The influence of changes in acute training load on daily sensitivity of morning-measured fatigue variables in elite soccer players

Robin T. Thorpe, Anthony J. Strudwick, Martin Buchheit, Greg Atkinson, Barry Drust, Warren Gregson

Research output: Contribution to journalArticlepeer-review

49 Citations (Scopus)


Purpose: To determine the sensitivity of a range of potential fatigue measures to daily training load accumulated over the previous 2, 3, and 4 d during a short in-season competitive period in elite senior soccer players (N = 10). 
Methods: Total highspeed-running distance, perceived ratings of wellness (fatigue, muscle soreness, sleep quality), countermovement-jump height (CMJ), submaximal heart rate (HRex), postexercise heart-rate recovery (HRR), and heart-rate variability (HRV: Ln rMSSD) were analyzed during an in-season competitive period (17 d). General linear models were used to evaluate the influence of 2-, 3-, and 4-d total high-speed-running-distance accumulation on fatigue measures.  
Results: Fluctuations in perceived ratings of fatigue were correlated with fluctuations in total high-speed-running-distance accumulation covered on the previous 2 d (r = –.31; small), 3 d (r = –.42; moderate), and 4 d (r = –.28; small) (P < .05). Changes in HRex (r = .28; small; P = .02) were correlated with changes in 4-d total high-speed-running-distance accumulation only. Correlations between variability in muscle soreness, sleep quality, CMJ, HRR%, and HRV and total high-speed-running distance were negligible and not statistically significant for all accumulation training loads.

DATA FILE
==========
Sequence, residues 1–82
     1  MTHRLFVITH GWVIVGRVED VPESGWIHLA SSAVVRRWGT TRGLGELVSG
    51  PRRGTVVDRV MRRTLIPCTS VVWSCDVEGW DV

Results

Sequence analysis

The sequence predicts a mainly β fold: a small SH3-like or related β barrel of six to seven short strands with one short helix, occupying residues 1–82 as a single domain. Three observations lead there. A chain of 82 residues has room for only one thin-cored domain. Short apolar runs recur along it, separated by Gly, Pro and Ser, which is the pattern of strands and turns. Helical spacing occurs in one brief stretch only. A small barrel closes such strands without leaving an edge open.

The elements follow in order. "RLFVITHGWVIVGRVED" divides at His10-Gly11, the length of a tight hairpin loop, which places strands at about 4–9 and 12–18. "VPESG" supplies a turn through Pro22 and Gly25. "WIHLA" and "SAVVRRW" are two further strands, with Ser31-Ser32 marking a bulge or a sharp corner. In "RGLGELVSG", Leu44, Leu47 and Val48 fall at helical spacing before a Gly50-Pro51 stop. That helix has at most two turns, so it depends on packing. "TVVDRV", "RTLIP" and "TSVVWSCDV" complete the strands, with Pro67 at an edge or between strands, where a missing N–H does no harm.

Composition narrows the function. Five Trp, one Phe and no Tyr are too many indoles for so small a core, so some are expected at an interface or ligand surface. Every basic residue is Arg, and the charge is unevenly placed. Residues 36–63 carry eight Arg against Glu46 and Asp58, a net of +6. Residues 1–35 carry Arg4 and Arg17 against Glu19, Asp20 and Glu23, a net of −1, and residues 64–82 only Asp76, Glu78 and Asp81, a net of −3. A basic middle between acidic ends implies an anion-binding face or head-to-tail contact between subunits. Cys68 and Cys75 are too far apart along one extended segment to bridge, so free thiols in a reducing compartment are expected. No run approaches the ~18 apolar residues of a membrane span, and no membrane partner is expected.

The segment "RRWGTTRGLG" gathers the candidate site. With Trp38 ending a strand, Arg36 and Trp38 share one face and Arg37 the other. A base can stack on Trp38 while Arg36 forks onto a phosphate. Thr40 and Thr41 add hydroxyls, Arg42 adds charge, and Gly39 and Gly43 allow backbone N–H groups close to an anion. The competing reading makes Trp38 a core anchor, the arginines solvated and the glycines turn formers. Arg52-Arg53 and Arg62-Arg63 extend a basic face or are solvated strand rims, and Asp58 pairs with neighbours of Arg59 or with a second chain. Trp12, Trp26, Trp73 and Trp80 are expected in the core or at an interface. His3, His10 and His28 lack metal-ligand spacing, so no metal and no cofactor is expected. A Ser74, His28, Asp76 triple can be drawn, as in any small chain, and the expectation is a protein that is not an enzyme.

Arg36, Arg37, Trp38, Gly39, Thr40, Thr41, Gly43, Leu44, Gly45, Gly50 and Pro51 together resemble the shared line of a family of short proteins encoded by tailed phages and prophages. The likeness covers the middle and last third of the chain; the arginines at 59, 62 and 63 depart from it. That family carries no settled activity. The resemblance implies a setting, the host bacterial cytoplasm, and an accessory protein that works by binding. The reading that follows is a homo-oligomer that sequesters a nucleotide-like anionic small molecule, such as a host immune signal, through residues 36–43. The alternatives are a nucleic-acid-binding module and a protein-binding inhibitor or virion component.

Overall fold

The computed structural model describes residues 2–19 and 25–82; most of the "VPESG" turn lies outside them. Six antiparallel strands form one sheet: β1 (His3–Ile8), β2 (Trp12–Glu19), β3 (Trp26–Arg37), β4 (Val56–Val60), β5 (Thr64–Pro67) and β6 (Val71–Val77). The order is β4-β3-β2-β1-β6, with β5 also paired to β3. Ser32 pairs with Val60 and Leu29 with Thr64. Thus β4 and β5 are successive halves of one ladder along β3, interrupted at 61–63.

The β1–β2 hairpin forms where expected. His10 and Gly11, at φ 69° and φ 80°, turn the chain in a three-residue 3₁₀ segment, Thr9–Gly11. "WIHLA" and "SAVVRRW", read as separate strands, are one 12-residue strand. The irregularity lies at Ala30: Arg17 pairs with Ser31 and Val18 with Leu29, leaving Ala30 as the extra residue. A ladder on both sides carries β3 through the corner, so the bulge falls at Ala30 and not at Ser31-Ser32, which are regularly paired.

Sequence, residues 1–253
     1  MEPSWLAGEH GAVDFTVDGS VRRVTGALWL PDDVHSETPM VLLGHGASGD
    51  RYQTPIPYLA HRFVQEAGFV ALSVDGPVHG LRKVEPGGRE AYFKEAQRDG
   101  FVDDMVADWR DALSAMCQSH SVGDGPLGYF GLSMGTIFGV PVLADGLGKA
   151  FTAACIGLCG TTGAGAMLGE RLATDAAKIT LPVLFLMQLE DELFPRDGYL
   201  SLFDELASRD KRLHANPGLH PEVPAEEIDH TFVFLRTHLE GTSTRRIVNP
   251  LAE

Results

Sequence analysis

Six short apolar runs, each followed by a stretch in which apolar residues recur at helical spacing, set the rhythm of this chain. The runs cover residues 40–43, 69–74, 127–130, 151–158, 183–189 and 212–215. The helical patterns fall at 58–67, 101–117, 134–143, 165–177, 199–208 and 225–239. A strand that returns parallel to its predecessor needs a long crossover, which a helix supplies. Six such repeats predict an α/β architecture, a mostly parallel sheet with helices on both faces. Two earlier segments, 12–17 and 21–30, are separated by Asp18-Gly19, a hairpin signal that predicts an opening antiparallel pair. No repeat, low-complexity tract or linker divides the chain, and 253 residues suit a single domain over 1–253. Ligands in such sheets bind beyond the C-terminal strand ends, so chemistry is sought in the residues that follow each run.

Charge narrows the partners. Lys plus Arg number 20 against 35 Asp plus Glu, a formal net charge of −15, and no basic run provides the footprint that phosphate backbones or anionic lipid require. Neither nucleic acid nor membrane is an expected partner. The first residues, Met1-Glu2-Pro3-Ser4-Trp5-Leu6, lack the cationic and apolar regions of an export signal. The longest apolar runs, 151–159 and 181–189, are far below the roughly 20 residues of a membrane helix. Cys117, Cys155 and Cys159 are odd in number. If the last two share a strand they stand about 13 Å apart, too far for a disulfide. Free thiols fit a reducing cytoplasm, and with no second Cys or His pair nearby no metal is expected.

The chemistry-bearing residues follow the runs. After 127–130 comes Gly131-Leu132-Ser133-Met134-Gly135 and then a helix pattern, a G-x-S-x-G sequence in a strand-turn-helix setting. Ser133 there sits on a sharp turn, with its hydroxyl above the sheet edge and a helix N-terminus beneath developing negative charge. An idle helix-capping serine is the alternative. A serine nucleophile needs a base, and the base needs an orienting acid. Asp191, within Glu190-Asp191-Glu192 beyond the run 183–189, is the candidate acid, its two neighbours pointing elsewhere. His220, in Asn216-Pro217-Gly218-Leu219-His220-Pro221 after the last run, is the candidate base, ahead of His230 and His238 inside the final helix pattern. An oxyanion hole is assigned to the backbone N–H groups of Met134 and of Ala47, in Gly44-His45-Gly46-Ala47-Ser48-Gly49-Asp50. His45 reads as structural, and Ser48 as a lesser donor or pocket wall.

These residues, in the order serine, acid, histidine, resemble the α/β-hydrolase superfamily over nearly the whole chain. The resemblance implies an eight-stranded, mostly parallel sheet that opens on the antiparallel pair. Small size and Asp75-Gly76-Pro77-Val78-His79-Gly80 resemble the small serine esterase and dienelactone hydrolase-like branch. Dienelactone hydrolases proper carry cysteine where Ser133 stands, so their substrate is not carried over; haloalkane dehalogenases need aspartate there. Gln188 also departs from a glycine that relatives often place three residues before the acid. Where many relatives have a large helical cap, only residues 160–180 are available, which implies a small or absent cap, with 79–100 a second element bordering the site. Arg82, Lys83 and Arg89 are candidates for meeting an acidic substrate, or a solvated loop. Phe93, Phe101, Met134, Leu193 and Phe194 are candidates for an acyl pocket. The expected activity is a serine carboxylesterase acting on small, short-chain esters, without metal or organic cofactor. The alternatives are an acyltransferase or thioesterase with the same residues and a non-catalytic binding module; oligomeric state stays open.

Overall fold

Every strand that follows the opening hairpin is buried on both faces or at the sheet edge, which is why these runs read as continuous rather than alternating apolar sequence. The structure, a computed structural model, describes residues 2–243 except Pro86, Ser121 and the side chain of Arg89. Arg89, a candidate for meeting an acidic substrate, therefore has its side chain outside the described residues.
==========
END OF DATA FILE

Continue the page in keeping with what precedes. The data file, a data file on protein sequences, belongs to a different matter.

Conclusions: Perceived ratings of fatigue and HRex were sensitive to fluctuations in acute
total high-speed-running-distance accumulation, although sensitivity was not systematically influenced by the number of previous days over which the training load was accumulated. The present findings indicate that the sensitivity of morning-measured fatigue variables to changes in training load is generally not improved when compared with training loads beyond the previous day’s training.
Original languageEnglish
Pages (from-to)S2-107–S2-113
Number of pages7
JournalInternational journal of sports physiology and performance
Issue number2
Publication statusPublished - 31 Jan 2017

Bibliographical note

This is the accepted version of the following article, which has been published in final form at


  • training
  • performance
  • wellness
  • recovery


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